BEER SPOILAGE

Historically, beer has always been considered a safe drink compared to water, in that pathogens were not found in beer. Due to its low pH value, its high CO2 and alcohol content, and the hop bittering compounds it contains, beer generally does not provide good living conditions for microorganisms. Nevertheless, some beer spoilage yeast and bacteria have adapted in a way that allows them to grow undisturbed even under these conditions. In most cases, these microorganisms do not pose a health hazard to humans but can cause off-flavors, as well as unwanted haziness or turbidity. If contamination is suspected or has already occurred, the entire process chain needs to be investigated as quickly as possible. The analysis process can be extremely time-consuming and can even lead to a production stop, which is why we have invested in technologies that help get you answers as quickly as possible. With our Real Time Polymerase Chain Reaction (PCR) assays, we can identify key spoilage organisms in as little as two days.
Brewing and Distilling Analytics Services (BDAS) knows that the most common beer spoilage microorganisms account for 75% of consumer complaints. Most spoilage incidents are caused by the bacteria Lactobacillus brevis (L. brevis), Lactobacillus lindneri (L. lindneri) and Pediococcus damnosus (P. damnosus), and by the yeast Saccharomyces cerevisiae variant diastaticus. Spoilage can have a big impact on your bottom line, and with our quality monitoring services, we help breweries of all sizes and needs identify what is causing the problem and find ways to get rid of it!

A few notable groups of microorganisms becoming more common in breweries are Zymomonas, Pectinatus, and Megasphaera. These gram-negative bacteria can interfere with the brewing process by producing undesirable off-flavors, especially sewer-like aromas. Other microorganisms ranging from bacteria and yeasts to molds and spore forming rods can also contaminate the brewing process and cause quality issues. The brewers must work diligently to prevent most undesirable organisms from entering the brewing process through equipment, ingredients, or the environment.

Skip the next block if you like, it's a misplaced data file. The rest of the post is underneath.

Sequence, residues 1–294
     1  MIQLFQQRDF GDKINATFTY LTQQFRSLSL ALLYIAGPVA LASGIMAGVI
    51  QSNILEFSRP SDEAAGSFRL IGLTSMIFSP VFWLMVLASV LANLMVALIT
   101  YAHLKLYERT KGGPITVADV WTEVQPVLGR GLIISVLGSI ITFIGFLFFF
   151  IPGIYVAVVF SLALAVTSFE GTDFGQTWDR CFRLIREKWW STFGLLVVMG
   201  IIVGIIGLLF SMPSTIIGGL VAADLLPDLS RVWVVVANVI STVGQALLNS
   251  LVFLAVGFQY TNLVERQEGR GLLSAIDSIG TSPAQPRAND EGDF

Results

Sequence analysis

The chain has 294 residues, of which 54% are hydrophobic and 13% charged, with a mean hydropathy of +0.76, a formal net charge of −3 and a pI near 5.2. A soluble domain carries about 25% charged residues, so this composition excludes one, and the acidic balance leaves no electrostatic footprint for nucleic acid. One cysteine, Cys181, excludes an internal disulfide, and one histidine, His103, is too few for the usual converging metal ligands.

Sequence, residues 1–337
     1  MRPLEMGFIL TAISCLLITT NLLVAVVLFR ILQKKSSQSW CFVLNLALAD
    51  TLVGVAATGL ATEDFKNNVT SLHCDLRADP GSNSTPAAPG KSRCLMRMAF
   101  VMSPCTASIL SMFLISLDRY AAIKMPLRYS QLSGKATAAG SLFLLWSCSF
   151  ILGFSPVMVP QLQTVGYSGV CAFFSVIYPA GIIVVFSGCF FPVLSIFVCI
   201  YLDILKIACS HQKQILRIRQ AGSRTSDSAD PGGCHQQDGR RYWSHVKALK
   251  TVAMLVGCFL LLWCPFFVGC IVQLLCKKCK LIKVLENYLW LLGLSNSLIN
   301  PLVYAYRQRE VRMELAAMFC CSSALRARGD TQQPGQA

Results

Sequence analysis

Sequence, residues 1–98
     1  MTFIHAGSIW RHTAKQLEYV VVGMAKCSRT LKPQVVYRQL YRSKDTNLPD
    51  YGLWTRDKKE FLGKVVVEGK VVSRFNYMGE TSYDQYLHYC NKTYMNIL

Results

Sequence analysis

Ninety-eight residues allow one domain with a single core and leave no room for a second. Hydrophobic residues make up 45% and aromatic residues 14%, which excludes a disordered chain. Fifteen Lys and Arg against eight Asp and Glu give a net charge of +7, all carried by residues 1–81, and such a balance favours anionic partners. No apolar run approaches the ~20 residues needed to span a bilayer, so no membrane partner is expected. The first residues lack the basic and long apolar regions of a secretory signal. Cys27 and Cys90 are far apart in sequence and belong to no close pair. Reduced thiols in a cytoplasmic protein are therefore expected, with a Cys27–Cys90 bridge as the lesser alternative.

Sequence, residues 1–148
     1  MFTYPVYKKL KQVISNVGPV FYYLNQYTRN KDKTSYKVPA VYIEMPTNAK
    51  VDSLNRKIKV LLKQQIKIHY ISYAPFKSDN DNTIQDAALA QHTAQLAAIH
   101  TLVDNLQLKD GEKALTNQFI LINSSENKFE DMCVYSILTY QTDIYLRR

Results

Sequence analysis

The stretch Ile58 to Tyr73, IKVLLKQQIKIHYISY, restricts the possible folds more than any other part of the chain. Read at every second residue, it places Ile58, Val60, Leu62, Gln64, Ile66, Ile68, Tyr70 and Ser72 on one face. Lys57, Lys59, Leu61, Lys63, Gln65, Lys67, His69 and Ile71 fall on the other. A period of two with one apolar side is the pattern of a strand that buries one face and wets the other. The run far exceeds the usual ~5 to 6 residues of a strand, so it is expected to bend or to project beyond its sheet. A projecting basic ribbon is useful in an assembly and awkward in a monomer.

As brewing becomes increasingly competitive, with consumers demanding higher quality beers, and retailers looking for products with greater assurance of shelf-lives, this sector of the beverage industry is moving at a faster pace than ever. The biggest threat to beer quality is microbial spoilage. If beer is to survive for more than a few days or weeks once packaged, then attention must be paid to controlling unwanted microbial contamination. It’s important that the risk of beer spoilage is minimized. Modern brewers are increasingly focused on quality assurance by actively integrating process innovations and good manufacturing practices to maximize productivity and the quality of the beer.
Get more information about the analysis of beer spoilage microorganisms at Brewing and Distilling Analytical Services (BDAS). Contact us in Lexington, Kentucky at (859) 278-2533 or in Denver, Colorado at (720) 450-7066.